About this Site
Welcome to the Eugenics to Newgenics website, where we share our ongoing research about disabled people’s access to sexuality, reproduction and family life.
We have conducted almost 100 interviews over the past years with eugenic and institutional survivors and with disabled people living in the community today. These interviews confirm that although the eugenic era is over, newgenics is a subtle but effective way of controlling the sexuality of disabled people.
Click any of the images (or ’tiles’) on the Eugenics to Newgenics home page, and you will find historical and factual information about each topic, along with photographs or archival materials, audio clips from research talks, or excerpts from some of the interviews. You will also find links to take you to further pages about each topic on the Eugenics to Newgenics website, or to other, relevant websites.
As we continue with the project, we will develop each ’tile’ by adding stories from the interviews. We will also continue to add information on historical and present-day policy, or about books, films and articles relating to both eugenics and newgenics.
Please keep checking back to keep up on changes to the website and the project.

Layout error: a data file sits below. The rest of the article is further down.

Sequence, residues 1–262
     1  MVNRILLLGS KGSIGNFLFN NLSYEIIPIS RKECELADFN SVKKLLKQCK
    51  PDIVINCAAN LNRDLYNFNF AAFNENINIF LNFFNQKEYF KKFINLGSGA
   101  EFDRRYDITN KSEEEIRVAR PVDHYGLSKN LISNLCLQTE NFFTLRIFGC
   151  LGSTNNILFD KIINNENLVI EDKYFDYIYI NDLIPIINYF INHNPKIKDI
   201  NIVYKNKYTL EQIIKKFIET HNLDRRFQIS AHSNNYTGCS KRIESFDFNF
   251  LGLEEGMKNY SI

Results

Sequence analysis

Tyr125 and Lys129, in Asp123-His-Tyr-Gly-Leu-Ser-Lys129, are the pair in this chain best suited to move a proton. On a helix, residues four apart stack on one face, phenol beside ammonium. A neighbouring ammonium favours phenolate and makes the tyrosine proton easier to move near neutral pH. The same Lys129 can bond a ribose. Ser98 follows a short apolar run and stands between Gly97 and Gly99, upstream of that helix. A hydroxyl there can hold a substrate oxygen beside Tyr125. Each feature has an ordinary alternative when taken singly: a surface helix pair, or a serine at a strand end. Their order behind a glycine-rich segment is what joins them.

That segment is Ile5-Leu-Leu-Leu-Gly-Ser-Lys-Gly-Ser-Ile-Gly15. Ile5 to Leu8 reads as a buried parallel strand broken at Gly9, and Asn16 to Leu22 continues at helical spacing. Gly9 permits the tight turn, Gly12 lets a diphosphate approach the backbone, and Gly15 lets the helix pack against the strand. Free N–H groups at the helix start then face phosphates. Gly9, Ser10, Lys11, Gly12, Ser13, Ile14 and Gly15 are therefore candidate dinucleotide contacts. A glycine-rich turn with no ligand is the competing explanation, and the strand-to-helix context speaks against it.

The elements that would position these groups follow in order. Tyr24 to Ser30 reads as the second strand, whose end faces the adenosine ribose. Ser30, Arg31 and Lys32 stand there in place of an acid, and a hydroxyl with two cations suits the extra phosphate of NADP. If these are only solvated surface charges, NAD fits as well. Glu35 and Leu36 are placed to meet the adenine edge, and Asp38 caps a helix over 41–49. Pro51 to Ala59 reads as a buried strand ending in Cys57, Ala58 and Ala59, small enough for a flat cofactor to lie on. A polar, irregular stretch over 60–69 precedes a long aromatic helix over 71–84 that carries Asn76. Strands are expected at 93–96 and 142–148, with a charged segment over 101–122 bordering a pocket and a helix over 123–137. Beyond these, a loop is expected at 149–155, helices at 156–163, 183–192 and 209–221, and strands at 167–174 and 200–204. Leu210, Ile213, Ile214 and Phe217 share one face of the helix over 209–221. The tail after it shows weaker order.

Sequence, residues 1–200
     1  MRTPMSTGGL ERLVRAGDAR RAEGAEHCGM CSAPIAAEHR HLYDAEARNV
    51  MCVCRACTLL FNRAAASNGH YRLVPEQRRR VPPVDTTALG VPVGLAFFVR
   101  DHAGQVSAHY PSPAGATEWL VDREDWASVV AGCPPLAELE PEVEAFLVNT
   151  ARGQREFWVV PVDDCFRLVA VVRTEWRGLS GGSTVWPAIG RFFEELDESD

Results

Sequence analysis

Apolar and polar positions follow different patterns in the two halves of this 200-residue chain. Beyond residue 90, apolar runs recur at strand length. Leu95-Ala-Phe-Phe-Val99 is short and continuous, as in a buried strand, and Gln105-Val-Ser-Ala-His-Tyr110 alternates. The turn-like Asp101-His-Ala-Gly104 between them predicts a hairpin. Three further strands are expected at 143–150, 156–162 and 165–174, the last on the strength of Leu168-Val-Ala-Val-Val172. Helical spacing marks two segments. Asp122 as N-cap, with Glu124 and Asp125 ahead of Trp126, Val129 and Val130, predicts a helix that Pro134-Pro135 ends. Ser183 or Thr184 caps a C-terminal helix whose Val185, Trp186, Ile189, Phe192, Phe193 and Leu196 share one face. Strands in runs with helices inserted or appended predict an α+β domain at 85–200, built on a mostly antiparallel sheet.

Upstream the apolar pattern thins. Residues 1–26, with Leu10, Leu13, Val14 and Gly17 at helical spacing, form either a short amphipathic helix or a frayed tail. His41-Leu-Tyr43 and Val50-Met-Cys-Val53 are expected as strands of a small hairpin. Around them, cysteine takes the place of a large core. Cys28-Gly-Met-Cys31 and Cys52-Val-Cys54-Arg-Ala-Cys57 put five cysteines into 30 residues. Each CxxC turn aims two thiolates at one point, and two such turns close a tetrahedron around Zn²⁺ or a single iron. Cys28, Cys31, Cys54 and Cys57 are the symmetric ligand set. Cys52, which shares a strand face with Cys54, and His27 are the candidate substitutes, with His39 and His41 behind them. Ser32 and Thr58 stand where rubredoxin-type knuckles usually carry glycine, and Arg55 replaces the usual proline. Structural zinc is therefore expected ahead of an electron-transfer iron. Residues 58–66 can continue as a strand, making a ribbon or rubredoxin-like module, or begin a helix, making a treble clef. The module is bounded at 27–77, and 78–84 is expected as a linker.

Meanwhile, you can use this website to find information on:
- Defining eugenics and understanding eugenic practices in Alberta
- Defining newgenics and understanding how newgenic practices affect people with disabilities
- What ‘kinds’ of people were targets of eugenic practices and who is most at risk of newgenic surveillance and control today
- How certain families were scrutinized and became victims of eugenic practices
- How people with disabilities today face barriers building and maintaining families
- Past methods for controlling the sexuality of those deemed ‘unfit’
- Current methods of stigmatization and control over the sexual lives of people with disabilities
- How Alberta policy and law resulted in the sterilization of over 2800 people over 43 years
- How current policy and law continues to undermine disabled people’s consent, authority, and autonomy
- The segregation and isolation of people deemed ‘mentally defective’ and ‘genetically unfit’ in institutions such as Michener Centre
- Current methods of segregation and isolation in group homes, day programs, and sheltered workshops
- How people with disabilities succeed in the face of these challenges, in the past and today
*All participant names on this website are pseudonyms.*